“Daniel Magaziner tells a profoundly human story of the institutional and social constraints under which African artists operated and the different ways in which they sought to find a way to produce beauty in the midst of oppression.”
Frederick Cooper, author of Africa in the World: Capitalism, Empire, Nation-State
“Ultimately, Magaziner reflects that approaching the history of complex and compromised communities like Ndaleni through the overarching nationalist frame of the South African liberation struggle does not allow enough space for difficult, nuanced, and fragile realities to surface.…Magaziner's carefully wrought study provides insights into the impetuses and negotiations, features and weaknesses, of a highly constrained, imbalanced, and charged setting.…The extended nature of the study does require a little stamina, but its achievement in being theoretically rich and sensitively argued more than sustains the reader. Its liberal incorporation of photographs (over a hundred), mostly of former students' artwork, not only vivifies the study, but is a valuable act of archival recuperation.”
Canadian Journal of History
“The Art of Life in South Africa is a richly suggestive and moving contribution to South African intellectual history. Weaving in a highly imaginative way the two concepts of life and art, Magaziner opens unique pathways for research in the historical sociology of the object-worlds South Africans invented, created and inhabited during the long twentieth-century. Written with extraordinary clarity and precision, this book will appeal to anyone curious about new trends in the historiography of culture.”
Achille Mbembe, author of Critique of Black Reason
“The Art of Life is an impressive work that is sure to become a basic text in the field of African cultural history. Ndaleni will no longer be forgotten.”
African Studies Review
From 1952 to 1981, South Africa’s apartheid government ran an art school for the training of African art teachers at Indaleni, in what is today KwaZulu-Natal. The Art of Life in South Africa is the story of the students, teachers, art, and politics that circulated through a small school, housed in a remote former mission station. It is the story of a community that made its way through the travails of white supremacist South Africa and demonstrates how the art students and teachers made together became the art of their lives.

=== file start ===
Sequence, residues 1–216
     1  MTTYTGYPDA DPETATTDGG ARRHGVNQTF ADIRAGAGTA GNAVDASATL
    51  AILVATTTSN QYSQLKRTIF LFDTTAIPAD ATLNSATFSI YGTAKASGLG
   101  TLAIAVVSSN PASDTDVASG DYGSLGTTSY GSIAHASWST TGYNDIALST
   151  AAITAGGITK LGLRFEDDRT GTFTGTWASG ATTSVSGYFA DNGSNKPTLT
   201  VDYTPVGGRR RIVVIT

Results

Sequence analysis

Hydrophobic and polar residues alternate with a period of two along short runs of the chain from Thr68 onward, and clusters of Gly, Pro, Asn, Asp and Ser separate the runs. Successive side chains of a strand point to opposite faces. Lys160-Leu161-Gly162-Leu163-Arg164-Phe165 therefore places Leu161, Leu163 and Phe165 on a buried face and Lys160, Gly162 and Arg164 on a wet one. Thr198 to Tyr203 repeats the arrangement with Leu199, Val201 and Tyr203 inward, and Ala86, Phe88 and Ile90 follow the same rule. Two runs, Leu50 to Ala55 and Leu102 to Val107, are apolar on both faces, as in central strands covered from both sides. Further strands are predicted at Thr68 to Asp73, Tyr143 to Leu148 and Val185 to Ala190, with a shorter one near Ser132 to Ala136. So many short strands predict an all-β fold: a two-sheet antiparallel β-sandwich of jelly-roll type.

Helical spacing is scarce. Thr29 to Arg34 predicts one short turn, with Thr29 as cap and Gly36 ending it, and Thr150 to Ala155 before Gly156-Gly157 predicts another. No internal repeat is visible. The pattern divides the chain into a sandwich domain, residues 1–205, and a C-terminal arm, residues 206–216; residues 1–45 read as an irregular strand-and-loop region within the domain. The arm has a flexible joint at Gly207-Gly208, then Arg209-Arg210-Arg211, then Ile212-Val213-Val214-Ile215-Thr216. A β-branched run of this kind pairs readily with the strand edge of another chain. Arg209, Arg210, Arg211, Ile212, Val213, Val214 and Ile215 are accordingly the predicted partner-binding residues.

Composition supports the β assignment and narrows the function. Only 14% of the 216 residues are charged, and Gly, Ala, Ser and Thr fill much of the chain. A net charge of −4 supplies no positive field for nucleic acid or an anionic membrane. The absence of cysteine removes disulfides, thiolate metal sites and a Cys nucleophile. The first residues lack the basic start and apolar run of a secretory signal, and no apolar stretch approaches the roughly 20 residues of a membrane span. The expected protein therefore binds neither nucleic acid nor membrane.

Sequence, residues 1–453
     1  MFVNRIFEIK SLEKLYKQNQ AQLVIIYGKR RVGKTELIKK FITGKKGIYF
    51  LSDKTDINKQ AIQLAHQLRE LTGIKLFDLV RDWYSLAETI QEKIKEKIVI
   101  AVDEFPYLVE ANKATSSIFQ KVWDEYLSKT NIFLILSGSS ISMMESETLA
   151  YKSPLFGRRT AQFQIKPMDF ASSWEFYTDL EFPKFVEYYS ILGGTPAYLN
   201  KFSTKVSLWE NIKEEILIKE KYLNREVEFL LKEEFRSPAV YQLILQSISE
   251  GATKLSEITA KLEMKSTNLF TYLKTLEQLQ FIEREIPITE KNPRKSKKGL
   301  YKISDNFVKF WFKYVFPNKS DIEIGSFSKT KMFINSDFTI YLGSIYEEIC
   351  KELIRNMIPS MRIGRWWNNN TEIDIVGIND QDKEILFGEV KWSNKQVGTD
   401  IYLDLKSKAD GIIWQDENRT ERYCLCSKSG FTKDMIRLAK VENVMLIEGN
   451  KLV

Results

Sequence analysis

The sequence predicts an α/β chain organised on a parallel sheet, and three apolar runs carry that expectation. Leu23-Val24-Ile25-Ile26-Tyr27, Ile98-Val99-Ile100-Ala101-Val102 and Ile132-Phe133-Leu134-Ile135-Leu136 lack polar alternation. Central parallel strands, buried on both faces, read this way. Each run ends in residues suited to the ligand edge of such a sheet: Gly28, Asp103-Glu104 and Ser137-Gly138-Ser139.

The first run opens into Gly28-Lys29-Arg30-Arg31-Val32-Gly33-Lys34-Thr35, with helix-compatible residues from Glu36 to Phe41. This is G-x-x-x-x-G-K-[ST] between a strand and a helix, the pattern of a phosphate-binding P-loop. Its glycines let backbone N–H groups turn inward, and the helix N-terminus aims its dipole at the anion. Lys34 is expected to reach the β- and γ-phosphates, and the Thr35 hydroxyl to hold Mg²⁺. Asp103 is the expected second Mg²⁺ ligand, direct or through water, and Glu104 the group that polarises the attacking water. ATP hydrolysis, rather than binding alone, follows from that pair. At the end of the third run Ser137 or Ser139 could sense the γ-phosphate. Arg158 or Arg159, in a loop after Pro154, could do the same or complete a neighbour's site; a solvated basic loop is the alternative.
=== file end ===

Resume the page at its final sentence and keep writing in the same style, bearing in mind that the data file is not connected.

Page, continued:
Daniel Magaziner radically reframes apartheid-era South African history. Against the dominant narrative of apartheid oppression and black resistance, as well as recent scholarship that explores violence, criminality, and the hopeless entanglements of the apartheid state, this book focuses instead on a small group’s efforts to fashion more fulfilling lives for its members and their community through the ironic medium of the apartheid-era school.
There is no book like this in South African historiography. Lushly illustrated and poetically written, it gives us fully formed lives that offer remarkable insights into the now clichéd experience of black life under segregation and apartheid.
Daniel Magaziner teaches South African and nineteenth- and twentieth-century African history at Yale University. He is the author of The Law and the Prophets: Black Consciousness in South Africa, 1968–1977. More info →
Save 20% ($27.96)
Save 20% ($79.96)
US and Canada only
Availability and price vary according to vendor.
Permission to reprint
Permission to photocopy or include in a course pack via Copyright Clearance Center
Together, the Royal Museum for Central Africa in Tervuren, Belgium, and the Institut des Musées Nationaux du Zaire (IMNZ) in the Congo have defined and marketed Congolese art and culture. In Authentically African, Sarah Van Beurden traces the relationship between the possession, definition, and display of art and the construction of cultural authenticity and political legitimacy from the late colonial until the postcolonial era.
The Soweto uprising was a true turning point in South Africa’s history. Even to contemporaries, it seemed to mark the beginning of the end of apartheid. This compelling book examines both the underlying causes and the immediate factors that led to this watershed event. It looks at the crucial roles of Black Consciousness ideology and nascent school-based organizations in shaping the character and form of the revolt.
The helmet-shaped mapiko masks of Mozamxadbique have garnered admiration from African art scholars and collectors alike, due to their striking aesthetics and their grotesque allure. This book restores to mapiko its historic and artistic context, charting in detail the transformations of this masquerading tradition throughout the twentieth century.Based
The human rights movement in South Africa’s transition to a postapartheid democracy has been widely celebrated as a triumph for global human rights. It was a key aspect of the political transition, often referred to as a miracle, which brought majority rule and democracy to South Africa. The country’s new constitution, its Truth and Reconciliation Commission, and the moral authority of Nelson Mandela stand as exemplary proof of this achievement.
Sign up to be notified when new African Studies titles come out.
We will only use your email address to notify you of new titles in the subject area(s) you follow. We will never share your information with third parties.